Airing on the BBC and Sky Sports, The Hundred aims to entice a younger and more diverse audience to cricket

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The Hundred was supposed to be launched last year, building on the success of England winning the Cricket World Cup and the spectacular Ashes final of 2019. Covid lockdowns put paid to that, but a year on, the new cricket format will finally be unveiled to the world.

Everything about the way The Hundred has been crafted and marketed pitches it as something completely different to what people would usually associate with cricket.

The concept is pretty straightforward, with none of the complexities of test cricket: there are 100 balls per side and the team with the highest score wins. Matches last two-and-a-half hours and men’s and women’s games are played back-to-back on the same day.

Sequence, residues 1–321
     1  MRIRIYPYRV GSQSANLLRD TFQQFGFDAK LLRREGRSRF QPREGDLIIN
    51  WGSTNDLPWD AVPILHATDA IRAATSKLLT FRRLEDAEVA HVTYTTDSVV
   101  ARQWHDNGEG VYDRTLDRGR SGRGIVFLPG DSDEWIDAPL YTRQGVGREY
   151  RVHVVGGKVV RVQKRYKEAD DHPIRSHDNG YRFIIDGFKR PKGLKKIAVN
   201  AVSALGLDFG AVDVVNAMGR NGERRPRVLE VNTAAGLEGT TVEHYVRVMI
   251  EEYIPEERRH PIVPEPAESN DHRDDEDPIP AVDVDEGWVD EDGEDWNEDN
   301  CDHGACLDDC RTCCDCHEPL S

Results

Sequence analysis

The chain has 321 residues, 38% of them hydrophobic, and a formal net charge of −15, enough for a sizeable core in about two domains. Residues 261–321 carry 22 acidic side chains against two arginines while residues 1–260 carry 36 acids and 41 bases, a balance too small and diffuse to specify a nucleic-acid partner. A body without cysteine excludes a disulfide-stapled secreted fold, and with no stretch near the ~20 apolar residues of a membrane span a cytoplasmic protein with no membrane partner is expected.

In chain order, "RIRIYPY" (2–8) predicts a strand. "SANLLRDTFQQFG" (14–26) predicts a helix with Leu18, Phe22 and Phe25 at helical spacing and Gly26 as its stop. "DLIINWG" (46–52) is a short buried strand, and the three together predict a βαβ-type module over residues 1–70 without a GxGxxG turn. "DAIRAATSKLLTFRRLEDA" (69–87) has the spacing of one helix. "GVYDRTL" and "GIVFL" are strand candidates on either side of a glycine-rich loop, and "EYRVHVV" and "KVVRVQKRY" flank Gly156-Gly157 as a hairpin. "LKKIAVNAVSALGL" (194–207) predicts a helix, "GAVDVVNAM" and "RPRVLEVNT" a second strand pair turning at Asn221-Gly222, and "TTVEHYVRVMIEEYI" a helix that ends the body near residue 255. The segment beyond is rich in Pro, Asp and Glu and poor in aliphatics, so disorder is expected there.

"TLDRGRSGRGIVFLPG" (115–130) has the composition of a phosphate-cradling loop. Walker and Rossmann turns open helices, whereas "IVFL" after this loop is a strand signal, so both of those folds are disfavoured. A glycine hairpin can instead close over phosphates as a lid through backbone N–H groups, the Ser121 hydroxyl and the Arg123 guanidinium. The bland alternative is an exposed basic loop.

A few innovations will add to the fun, such as a 25-ball powerplay at the start, where only two fielders are allowed outside the ring of play. There’s also a two-and-a-half minute timeout option for the bowling side, during which the coach can walk on to the field of play to discuss tactics.

The Hundred has been devised to entice a younger and more diverse audience to cricket. The website promoting it has big, bold typography, with fast-paced videos that use flashy graphics showing a young, family-oriented, diverse audience appearing to have lots of fun watching the action. Its tagline is ‘Everyone is welcome’. The pricing is inclusive too, with adult tickets starting at £10 and kids under five attending for free.